Radical prostatectomy remains a standard treatment option for men with localized prostate cancer. Even though this operation has developed over more than a century, it remains a challenging procedure. Thus, technical refinements and innovative surgical approaches continue to evolve in an attempt to maximize cancer control while simultaneously reducing treatment-related side effects. In terms of open surgery, the prostate may be approached from either a retropubic or perineal direction. Currently, radical retropubic prostatectomy remains the most commonly performed open surgical approach. This is due to a variety of reasons including familiarity with the anatomy, easy access to the pelvic lymph nodes, wide exposure to the pelvis, ability to identify and release the neurovascular bundles, and reduced risk of rectal injury. However, the widespread adoption of robotic-assisted laparoscopic radical prostatectomy has significantly reduced the utilization of the open approach. Consequently, this operation remains challenging and this is particularly true for those who only perform this surgery on an occasional basis.
The perineal approach, however, is also an important open technique that has potential advantages over the retropubic approach in experienced hands. Potential advantages of the perineal over a retropubic approach include a small hidden incision, less blood loss, and excellent posterior and apical exposure to limit positive margins in these areas and facilitate the urethrovesical anastomosis. One definite disadvantage of the perineal approach is the fact that, when indicated, the pelvic lymph node dissection (PLND) must be performed through a separate incision. This may be done either via a laparoscopic approach or small open (“minilap”) incision.
Laparoscopic, particularly robotic-assisted laparoscopic radical prostatectomy, is another important surgical approach that has rapidly achieved equivalence and has surpassed open surgical approaches at most centers. Potential advantages of these minimally invasive approaches over traditional open surgery include smaller incisions that, in addition to improved cosmetic appearance, allow for a more rapid return to physical activity. Moreover, significantly reduced blood loss and enhanced optical magnification could potentially result in improved postoperative functional outcomes. Most commonly, these procedures are performed from a transperitoneal approach with access anteriorly into the retropubic space, although it can be performed from a solely extraperitoneal approach as well.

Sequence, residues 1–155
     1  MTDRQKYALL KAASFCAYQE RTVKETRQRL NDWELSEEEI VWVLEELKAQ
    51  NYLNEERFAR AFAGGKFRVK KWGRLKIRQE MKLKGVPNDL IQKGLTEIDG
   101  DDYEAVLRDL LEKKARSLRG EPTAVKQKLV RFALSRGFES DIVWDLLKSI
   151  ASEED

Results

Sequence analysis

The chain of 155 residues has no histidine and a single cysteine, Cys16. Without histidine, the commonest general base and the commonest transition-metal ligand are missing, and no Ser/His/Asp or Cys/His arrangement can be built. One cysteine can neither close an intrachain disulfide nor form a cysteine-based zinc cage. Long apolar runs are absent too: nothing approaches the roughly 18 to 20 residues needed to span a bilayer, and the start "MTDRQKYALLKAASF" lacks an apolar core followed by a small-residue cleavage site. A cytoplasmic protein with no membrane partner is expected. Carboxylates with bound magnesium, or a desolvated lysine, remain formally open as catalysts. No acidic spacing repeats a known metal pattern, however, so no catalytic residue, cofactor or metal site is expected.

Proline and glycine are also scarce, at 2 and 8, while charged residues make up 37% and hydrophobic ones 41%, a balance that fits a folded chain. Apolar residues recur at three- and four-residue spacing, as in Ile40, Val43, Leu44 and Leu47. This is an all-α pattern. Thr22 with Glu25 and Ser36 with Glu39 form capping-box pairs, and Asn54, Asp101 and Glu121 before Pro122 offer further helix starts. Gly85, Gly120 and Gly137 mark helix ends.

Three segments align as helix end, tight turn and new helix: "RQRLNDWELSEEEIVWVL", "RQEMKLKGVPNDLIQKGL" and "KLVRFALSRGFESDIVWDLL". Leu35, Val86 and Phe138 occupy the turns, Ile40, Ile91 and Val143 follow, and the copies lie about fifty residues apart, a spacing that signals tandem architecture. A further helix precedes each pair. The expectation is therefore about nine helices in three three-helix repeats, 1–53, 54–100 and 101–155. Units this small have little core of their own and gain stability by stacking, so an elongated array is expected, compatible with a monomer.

Relationship to Adjacent Structures
Regardless of the surgical approach, a thorough understanding of prostate anatomy and its relationship to surrounding structures is essential. The prostate gland is located in the true pelvis and is attached to the undersurface of the pubic symphysis by the puboprostatic ligaments ( Fig. 72.1 ). Anteriorly, the puboprostatic ligaments are dense, fibrous connections that attach from the pubic bone to the prostate. They extend under the pubic bone and attach to the prostate and extend onto the urethra at the prostatourethral junction.
The apex of the prostate is intimately related to the urogenital diaphragm. The striated urethral sphincter surrounds the membranous urethra at the prostatic apex and forms a horseshoe-shaped muscular sleeve around it. On the lateral aspect of the prostate, the prostate is covered by the pelvic fascia and bordered by the levator ani muscle. The inner investing layer of the levator ani fascia (endopelvic fascia) forms a fascial collar and is attached to the extraperitoneal connective tissue covering the prostate on its anterior and lateral aspects. Posteriorly, the Denonvilliers fascia is a thin layer of connective tissue that covers the prostate near the apex caudally and invests the seminal vesicles as it extends cranially.
At the apex, the prostate and membranous urethra are attached to the underlying rectum by the rectourethralis muscle, which extends laterally at the apex for a variable distance. The base of the prostate is intimately related to the bladder neck. The deepest portion of the trigone extends into the prostatic urethra. Consequently, the median lobe of the prostate may project into the bladder base and trigone. Posteriorly and cranially, the ampulla of the vas deferens and seminal vesicles are attached to the prostate base.
Arterial Blood Supply to the Prostate
The prostate receives its blood supply primarily from the prostatovesical artery ( Fig. 72.2 ). Although this artery has a well-defined trunk, it may be of variable origin and most commonly is derived from the gluteopudendal. The prostatovesical artery passes obliquely downward, forward, and medially along the anteroinferior surface of the bladder toward the prostate.